President Enrique Peña Nieto and the leaders of the main political parties signed the "Pact for Mexico" over the weekend at Chapultepec Castle in an effort to spur stalled political reforms.

The document was signed on Sunday by Institutional Revolutionary Party, or PRI, interim chairwoman Cristina Diaz, National Action Party, or PAN, chairman Gustavo Madero and Party of the Democratic Revolution, or PRD, chairman Jesus Zambrano.

"Mexico is starting a new stage in its democratic life. The time has come to meet and agree. The time has come to take the next step in perfecting democracy, moving toward an effective and efficient government," Peña Nieto, a member of the PRI who took office on Saturday, said.

The political leaders signed "an innovative agreement, which sets precise goals and concrete timetables for achieving them," the president said.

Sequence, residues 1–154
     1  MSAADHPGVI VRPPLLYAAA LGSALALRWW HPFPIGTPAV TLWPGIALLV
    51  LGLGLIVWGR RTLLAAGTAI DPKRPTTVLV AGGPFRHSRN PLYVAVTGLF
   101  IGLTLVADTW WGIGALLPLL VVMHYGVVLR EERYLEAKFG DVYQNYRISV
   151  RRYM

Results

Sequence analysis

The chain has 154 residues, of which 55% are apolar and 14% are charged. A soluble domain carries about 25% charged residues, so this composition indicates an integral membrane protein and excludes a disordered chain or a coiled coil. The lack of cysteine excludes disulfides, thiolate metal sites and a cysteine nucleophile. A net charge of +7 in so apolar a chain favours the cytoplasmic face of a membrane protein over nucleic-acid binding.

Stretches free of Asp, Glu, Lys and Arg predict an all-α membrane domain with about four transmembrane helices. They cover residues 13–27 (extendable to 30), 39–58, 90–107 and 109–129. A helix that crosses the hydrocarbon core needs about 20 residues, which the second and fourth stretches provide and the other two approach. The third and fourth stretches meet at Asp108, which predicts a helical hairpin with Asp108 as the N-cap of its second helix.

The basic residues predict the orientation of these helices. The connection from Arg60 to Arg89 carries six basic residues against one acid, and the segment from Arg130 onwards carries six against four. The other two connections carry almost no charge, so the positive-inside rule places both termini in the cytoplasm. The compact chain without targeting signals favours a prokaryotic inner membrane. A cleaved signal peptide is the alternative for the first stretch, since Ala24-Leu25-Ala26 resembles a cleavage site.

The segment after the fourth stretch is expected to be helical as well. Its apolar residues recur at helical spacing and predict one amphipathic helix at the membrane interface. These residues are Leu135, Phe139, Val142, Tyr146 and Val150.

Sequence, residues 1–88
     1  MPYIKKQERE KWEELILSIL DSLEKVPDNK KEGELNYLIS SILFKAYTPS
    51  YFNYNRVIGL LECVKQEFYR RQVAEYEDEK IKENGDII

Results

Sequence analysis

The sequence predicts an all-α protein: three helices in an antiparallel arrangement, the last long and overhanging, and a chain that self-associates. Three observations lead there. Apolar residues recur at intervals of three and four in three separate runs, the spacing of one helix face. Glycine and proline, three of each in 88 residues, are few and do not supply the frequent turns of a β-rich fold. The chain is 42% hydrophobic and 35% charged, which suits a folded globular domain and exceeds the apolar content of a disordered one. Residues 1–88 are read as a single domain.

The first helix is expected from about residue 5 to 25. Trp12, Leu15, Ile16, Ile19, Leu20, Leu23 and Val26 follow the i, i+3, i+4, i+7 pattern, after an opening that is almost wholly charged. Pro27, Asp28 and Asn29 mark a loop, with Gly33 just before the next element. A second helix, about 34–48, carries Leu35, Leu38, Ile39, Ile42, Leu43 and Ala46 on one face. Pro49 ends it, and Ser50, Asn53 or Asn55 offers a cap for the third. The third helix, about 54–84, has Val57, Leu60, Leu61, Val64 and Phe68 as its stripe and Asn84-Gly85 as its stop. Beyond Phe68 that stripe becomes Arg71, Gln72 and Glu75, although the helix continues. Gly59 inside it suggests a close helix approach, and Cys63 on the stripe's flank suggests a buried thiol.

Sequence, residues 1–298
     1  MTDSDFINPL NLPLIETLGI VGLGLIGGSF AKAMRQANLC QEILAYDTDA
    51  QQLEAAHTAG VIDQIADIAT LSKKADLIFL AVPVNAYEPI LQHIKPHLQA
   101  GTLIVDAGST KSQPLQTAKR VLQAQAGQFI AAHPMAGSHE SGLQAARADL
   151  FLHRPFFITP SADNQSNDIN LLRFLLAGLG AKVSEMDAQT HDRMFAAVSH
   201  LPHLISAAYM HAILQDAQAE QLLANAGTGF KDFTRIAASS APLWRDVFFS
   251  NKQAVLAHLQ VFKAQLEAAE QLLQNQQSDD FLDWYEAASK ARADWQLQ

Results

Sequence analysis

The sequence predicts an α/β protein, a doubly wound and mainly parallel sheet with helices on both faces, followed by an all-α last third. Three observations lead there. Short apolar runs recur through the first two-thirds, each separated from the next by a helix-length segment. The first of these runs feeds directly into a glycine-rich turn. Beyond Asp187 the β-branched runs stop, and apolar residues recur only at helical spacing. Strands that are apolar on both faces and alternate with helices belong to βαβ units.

The pact is "realistic, detailing the instances and instruments for taking it from paper to reality," Peña Nieto said.

The PRD's Political Commission said later in the day Sunday that it did not recognize the pact signed by Zambrano with the other party leaders.

Peña Nieto has led a surprising comeback for the PRI, which governed Mexico from 1929 to 2000, lost the 2000 presidential election to the PAN and finished third in 2006.

During its 71-year reign - described by Peruvian Nobel literature laureate Mario Vargas Llosa as the "perfect dictatorship" - the PRI relied mainly on patronage and control of organized labor and the mass media, though it was not above resorting to outright vote-rigging and even violence. EFE